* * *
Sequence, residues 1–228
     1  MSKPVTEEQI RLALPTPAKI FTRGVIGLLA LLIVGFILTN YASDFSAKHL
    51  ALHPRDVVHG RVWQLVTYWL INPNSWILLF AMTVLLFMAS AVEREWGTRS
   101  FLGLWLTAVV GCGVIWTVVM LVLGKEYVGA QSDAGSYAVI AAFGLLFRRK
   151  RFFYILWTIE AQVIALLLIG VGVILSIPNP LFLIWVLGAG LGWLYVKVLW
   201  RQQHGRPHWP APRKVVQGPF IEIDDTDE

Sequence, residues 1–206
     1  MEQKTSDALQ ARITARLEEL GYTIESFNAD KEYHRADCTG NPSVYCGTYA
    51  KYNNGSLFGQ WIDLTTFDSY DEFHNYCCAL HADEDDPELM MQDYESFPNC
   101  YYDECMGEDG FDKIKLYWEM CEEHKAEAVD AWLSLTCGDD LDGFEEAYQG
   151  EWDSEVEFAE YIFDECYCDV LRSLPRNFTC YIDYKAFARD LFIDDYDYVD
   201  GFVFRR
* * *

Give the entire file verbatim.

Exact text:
Sequence, residues 1–228
     1  MSKPVTEEQI RLALPTPAKI FTRGVIGLLA LLIVGFILTN YASDFSAKHL
    51  ALHPRDVVHG RVWQLVTYWL INPNSWILLF AMTVLLFMAS AVEREWGTRS
   101  FLGLWLTAVV GCGVIWTVVM LVLGKEYVGA QSDAGSYAVI AAFGLLFRRK
   151  RFFYILWTIE AQVIALLLIG VGVILSIPNP LFLIWVLGAG LGWLYVKVLW
   201  RQQHGRPHWP APRKVVQGPF IEIDDTDE

Sequence, residues 1–206
     1  MEQKTSDALQ ARITARLEEL GYTIESFNAD KEYHRADCTG NPSVYCGTYA
    51  KYNNGSLFGQ WIDLTTFDSY DEFHNYCCAL HADEDDPELM MQDYESFPNC
   101  YYDECMGEDG FDKIKLYWEM CEEHKAEAVD AWLSLTCGDD LDGFEEAYQG
   151  EWDSEVEFAE YIFDECYCDV LRSLPRNFTC YIDYKAFARD LFIDDYDYVD
   201  GFVFRR